Overexpression of Interleukin-10 by Activated T Lymphocytes Inhibits Atherosclerosis in LDL Receptor–Deficient Mice by Altering Lymphocyte and Macrophage Phenotypes
Previous studies demonstrated that interleukin-10 (IL-10) overexpression decreases formation of early fatty-streak lesions in mice independent of lipoprotein levels. The present studies, using bone marrow transplantation, demonstrate that overexpression of IL-10 by T cells inhibits advanced atherosclerotic lesions in LDL receptor–null mice fed an atherogenic diet. In mice receiving bone marrow from the IL-10 transgenic mice compared with those receiving wild-type marrow, there was a 47% decrease in lesion size and a marked decrease in lesion complexity with an 80% reduction in the necrotic core. Accumulation of cholesterol and phospholipid oxidation products in the aorta was decreased by 50% to 80%, unrelated to plasma lipid or IL-10 levels. Our studies also provide insight into the mechanism of the IL-10–mediated decrease in lesion size. Although a strong influence toward a Th1 phenotype has previously been demonstrated in atherosclerotic models, T lymphocytes in the IL-10 transgenic (Tg) group revealed a marked shift to a Th2 phenotype, with decreased IFN-γ production and an increase in IL-10. Evaluation of specific immunoglobulin subclasses demonstrated a preponderance of IgG1 isotype, characteristic of a Th2 influence on B cell immunoglobulin class-switching in the IL-10 Tg group. A major finding of these studies was altered monocyte/macrophage function in the IL-10 Tg group. Monocytes showed a decrease in activation resulting in decreased expression of IFN-γ. Furthermore, macrophage foam cells within lesions of the IL-10 Tg group exhibited markedly decreased apoptosis. These studies demonstrate that T lymphocyte IL-10 can influence the function of other immune cells to reduce the development of advanced atherosclerotic lesions in mice.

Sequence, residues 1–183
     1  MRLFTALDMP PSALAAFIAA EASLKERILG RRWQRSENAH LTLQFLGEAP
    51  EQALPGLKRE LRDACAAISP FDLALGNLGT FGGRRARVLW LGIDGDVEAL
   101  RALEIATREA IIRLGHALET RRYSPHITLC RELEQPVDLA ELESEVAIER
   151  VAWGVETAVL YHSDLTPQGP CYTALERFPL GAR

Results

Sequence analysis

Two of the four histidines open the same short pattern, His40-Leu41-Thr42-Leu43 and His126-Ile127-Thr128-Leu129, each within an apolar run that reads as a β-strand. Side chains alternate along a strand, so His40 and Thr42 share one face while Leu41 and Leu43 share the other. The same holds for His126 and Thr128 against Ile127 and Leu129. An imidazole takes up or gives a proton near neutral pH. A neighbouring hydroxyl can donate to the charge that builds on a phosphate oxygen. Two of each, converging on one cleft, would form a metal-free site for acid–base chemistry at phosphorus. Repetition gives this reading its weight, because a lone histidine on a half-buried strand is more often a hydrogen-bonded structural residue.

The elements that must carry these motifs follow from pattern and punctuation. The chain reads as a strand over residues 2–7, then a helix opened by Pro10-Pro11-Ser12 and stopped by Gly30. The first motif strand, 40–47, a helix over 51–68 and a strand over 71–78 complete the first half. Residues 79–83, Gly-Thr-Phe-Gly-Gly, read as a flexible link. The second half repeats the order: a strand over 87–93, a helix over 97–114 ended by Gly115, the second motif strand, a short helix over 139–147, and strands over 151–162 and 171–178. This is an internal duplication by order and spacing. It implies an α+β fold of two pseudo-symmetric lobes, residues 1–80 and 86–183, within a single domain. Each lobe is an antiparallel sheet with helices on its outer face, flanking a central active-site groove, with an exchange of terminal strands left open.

Atherosclerosis has been demonstrated to be a chronic inflammatory process involving various immune cells, particularly macrophages and T lymphocytes. We and others have shown that interleukin (IL)-10 overexpression can inhibit fatty-streak formation, independent of lipoprotein levels, in C57BL/6J mice fed a cholate containing atherogenic diet.1,2⇓ However, these studies were restricted to examining the development of early lesions in C57BL/6J mice on a cholate-containing diet, which is known to alter lipid metabolism and induce inflammatory cytokines in the liver.3 Therefore, cholate may artificially predispose the atherosclerotic process in these animals to be highly inflammatory, partially exaggerating the antiinflammatory role of IL-10. Because of the therapeutic potential of IL-10 in human atherosclerosis, the present studies were directed at determining whether IL-10 can retard development of advanced atherosclerotic lesions in an animal model that did not require a cholate-containing diet and, more importantly, examining the mechanism of IL-10 inhibition of atherogenesis.
Evidence that IL-10 may play a role in advanced lesions was demonstrated by several in vivo studies. IL-10 has been demonstrated within human atherosclerotic plaques,4,5⇓ primarily in macrophages. Increased local levels of IL-10 has been associated with decreased apoptotic activity as measured by TUNEL staining, as well as decreased local iNOS expression within these diseased human arteries.4 Decreased levels of IL-10, contrasted with increased levels of IL-6, have been demonstrated in patients with unstable coronary syndromes.6 In vitro studies have demonstrated that oxidized lipids can alter IL-10 expression within human monocytes,5 and IL-10 can alter human aortic endothelial cell function to inhibit oxidized phospholipid-induced monocyte-endothelial interactions in vitro.2 Both the in vivo and the in vitro studies suggested, but did not directly test, potential mechanisms by which IL-10 might inhibit atherosclerosis.